How much does a failure cost? What will the patient say?

Dr. Scott Ganz: No one want to have an implant fail. That stated, implants can and do fail. Patients need to be aware of the risks of the procedure. Many times we just are not certain why an implant fails – however if an ISQ value is recorded on placement, upon loading, and monitored over time, we can at least establish a baseline for success, or if poor values are noted, we can make a decision to remove the implant before it gets to the restorative phase where additional costs are involved with the dental laboratory. Failures are costly in both the monetary sense and the time required for the multiple office visits, and potential loss of confidence by the patient.

 

What do you think will change in implant dentistry over the next 5 years?

Dr. Scott Ganz: Generally the world of dental implants will continue to evolve and improve with innovative designs, surface technology, materials that are utilized, as well as the techniques used for various treatment modalities. Technology will continue to provide new and exciting tools for the surgical aspect as well as the restorative phases of implant dentistry… hard and soft tissue grafting applications will also continue to be a major focus of our industry as will the influence of rapid prototyping or 3-D printing as part of the changing digital workflows.

 

What trends are you seeing in the industry?

Dr. Scott Ganz: The use of CBCT continues to be widely accepted as an important diagnostic modality, with more and more emphasis on combining the digital workflows of the dental laboratory, intra-oral optical scanning, desktop scanning, and 3-D printing applications. CAD CAM technology has also continued to develop and innovate.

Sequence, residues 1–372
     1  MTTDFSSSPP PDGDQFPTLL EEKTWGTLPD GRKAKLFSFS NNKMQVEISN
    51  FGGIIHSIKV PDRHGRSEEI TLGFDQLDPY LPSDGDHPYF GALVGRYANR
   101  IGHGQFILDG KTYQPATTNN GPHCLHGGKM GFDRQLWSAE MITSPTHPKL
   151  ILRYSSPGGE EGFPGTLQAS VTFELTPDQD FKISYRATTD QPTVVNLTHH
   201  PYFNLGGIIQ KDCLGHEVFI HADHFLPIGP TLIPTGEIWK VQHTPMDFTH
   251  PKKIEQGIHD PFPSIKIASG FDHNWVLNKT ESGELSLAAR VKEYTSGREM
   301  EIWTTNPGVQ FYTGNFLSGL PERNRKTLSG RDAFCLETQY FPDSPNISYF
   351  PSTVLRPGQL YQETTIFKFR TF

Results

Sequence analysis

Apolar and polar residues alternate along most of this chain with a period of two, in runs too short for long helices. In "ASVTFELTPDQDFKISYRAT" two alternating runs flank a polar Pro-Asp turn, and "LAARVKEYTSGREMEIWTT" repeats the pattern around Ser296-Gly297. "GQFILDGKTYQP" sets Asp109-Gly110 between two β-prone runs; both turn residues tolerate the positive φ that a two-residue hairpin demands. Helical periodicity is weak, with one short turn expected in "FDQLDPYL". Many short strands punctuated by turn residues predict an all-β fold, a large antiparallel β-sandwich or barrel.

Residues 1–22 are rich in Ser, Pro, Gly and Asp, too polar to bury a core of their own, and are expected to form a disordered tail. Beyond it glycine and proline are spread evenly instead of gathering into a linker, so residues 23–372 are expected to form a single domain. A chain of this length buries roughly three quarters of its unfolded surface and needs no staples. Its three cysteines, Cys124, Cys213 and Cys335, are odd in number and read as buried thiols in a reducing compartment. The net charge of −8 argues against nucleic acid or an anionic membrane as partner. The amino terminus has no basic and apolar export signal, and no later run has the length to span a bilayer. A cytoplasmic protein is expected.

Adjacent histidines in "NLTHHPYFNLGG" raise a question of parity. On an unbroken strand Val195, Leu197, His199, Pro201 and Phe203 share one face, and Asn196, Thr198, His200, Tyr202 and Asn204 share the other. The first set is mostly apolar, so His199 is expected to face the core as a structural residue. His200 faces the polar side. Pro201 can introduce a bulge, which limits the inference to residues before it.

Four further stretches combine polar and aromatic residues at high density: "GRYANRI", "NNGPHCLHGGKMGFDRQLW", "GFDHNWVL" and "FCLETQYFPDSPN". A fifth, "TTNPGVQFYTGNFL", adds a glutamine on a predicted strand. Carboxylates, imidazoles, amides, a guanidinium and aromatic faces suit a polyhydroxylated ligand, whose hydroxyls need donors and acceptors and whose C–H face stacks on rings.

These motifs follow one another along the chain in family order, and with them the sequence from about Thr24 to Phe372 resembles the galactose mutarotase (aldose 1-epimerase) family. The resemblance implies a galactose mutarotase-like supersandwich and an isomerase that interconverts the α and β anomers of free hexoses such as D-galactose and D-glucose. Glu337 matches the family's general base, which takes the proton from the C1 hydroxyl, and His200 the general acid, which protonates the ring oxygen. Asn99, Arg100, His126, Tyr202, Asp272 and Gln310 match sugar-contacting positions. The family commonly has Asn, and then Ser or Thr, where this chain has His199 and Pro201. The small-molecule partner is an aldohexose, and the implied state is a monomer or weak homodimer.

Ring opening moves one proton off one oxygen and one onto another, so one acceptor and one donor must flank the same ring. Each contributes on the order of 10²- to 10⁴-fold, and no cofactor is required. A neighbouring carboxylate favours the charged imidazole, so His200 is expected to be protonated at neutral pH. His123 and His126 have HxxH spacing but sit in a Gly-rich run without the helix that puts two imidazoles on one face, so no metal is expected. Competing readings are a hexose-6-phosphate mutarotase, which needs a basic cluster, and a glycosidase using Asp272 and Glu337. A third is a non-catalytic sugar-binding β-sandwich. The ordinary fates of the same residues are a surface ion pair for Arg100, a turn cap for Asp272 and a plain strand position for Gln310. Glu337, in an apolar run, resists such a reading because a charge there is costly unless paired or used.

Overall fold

Who inspires/d you the most in your career? How/Why?

Dr. Scott Ganz: As my area of interest is mainly dental implants, imaging applications, and digital technologies, I have been inspired by all of the dental implant pioneers who helped pave the way for what we do today. Clinicians who take the time to document and publish, who spend countless hours on research, or putting together presentations that inspire or motivate others to adopt, change, or get involved in our field of interest. There are too many to name here – although it’s appropriate to mention two giants that we recently lost, Dr. Leonard Linkow, and Dr. Carl Misch. Enough said that I appreciate all of their often monumental efforts which continue to inspire me today.

 

Dr. Scott Ganz will be holding a Hands-on workshop at AO 2017, Orlando:

“Assessing Implant Sites for Delayed and Immediate Protocols: CBCT and RFA/ISQ as Critical Diagnostic Tools”

Why did you chose these themes/cases for the workshop?

Dr. Scott Ganz: I believe that clinicians can learn from a variety of different didactic clinical case presentations – however often the hands-on portion is on generic models, or animal jawbones. With today’s technology is it possible to take the CBCT dataset, and export the shape of the mandible or maxilla from an actual case that has been documented through the use of 3-D printing. Hopefully this will facilitate a more meaningful hands-on exercise for the participants. They will get to practice on mandibles that were real cases, and perhaps they will understand how to apply the concepts described in the workshop to their own patients based upon this experience.
What do you recommend Dentists about to start placing implants? What kind of educations/training do you recommend?

Dr. Scott Ganz: Unfortunately, I believe that even today, most dentists do not get a lot of clinical experience placing or restoring dental implants while in dental school, or even in many post-graduate programs. Therefore, clinicians must seek out other educational opportunities to expand their knowledge base. Organizations like the Academy of Osseointegration help to provide these opportunities – and what is especially useful are the hands-on workshops which offer a smaller, more intimate setting for direct learning. I am also fortunate to be involved in many educational offerings and I feel that after a hands-on workshop that live surgery courses offer an important bridge for learning to enhance a clinician’s ability to treat their own patients. More information can be found at www.handsonsurgery.org or www.aiedental.com